David Copperfield – Charles Dickens
Chronicles of Narnia – CS Lewis
Emma - Jane Austen
Persuasion – Jane Austen
The Lion, The Witch and the Wardrobe – CS Lewis
The Kite Runner – Khaled Hosseini
Captain Corelli’s Mandolin – Louis De Bernieres
Memoirs of a Geisha – Arthur Golden
Winnie the Pooh – A.A. Milne
Animal Farm – George Orwell
The DaVinci Code – Dan Brown
One Hundred Years of Solitude – Gabriel Garcia Marquez
A Prayer for Owen Meaney – John Irving
The Woman in White – Wilkie Collins
Anne of Green Gables – LM Montgomery
Far From The Madding Crowd – Thomas Hardy
The Handmaid’s Tale – Margaret Atwood
Lord of the Flies – William Golding
Atonement – Ian McEwan
Life of Pi – Yann Martel
Dune – Frank Herbert
Cold Comfort Farm – Stella Gibbons
Sense and Sensibility – Jane Austen
A Suitable Boy – Vikram Seth
The Shadow of the Wind – Carlos Ruiz Zafon
A Tale Of Two Cities – Charles Dickens
Brave New World – Aldous Huxley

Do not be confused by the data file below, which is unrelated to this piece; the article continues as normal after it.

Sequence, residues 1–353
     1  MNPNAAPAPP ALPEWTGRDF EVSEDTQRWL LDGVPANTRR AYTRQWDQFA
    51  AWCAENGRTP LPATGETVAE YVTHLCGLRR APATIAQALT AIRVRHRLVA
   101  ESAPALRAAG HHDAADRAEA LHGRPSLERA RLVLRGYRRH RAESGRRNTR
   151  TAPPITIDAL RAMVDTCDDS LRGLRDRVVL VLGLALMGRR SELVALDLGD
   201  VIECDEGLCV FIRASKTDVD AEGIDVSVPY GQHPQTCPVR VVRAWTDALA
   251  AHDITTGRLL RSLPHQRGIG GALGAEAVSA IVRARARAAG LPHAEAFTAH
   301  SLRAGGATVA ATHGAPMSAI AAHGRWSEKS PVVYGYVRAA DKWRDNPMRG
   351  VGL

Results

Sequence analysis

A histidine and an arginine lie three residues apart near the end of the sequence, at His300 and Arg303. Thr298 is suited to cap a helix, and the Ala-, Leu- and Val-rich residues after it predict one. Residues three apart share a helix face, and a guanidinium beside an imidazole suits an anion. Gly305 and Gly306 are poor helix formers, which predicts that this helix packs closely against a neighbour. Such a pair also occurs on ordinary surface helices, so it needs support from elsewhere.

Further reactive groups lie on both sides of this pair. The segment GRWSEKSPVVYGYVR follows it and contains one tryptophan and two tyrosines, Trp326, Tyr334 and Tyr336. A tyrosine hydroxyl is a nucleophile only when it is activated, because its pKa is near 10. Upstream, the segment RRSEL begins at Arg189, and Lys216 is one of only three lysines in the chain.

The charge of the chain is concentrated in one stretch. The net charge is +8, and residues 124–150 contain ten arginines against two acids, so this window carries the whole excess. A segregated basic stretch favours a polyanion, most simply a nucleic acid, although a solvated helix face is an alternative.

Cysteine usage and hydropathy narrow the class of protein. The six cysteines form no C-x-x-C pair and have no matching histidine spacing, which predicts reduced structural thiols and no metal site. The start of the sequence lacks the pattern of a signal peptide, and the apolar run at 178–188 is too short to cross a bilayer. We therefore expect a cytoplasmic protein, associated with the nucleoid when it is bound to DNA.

The Curious Incident of the Dog in the Night-time – Mark Haddon
Love In The Time Of Cholera – Gabriel Garcia Marquez
Of Mice and Men – John Steinbeck
Lolita – Vladimir Nabokov
The Secret History – Donna Tartt
The Lovely Bones – Alice Sebold
Count of Monte Cristo – Alexandre Dumas
On The Road – Jack Kerouac
Jude the Obscure – Thomas Hardy
Bridget Jones’s Diary – Helen Fielding
Midnight’s Children – Salman Rushdie
Moby Dick – Herman Melville
Oliver Twist – Charles Dickens
Dracula – Bram Stoker
The Secret Garden – Frances Hodgson Burnett
Notes From A Small Island – Bill Bryson [I did read his A Short History of Nearly Everything]
Ulysses – James Joyce
The Inferno – Dante
Swallows and Amazons – Arthur Ransome
Germinal – Emile Zola
Vanity Fair – William Makepeace Thackeray
Possession – AS Byatt
Christmas Carol – Charles Dickens
Cloud Atlas – David Mitchell
The Color Purple – Alice Walker
The Remains of the Day – Kazuo Ishiguro
Madame Bovary – Gustave Flaubert
A Fine Balance – Rohinton Mistry
Charlotte’s Web – E.B. White
The Five People You Meet In Heaven – Mitch Albom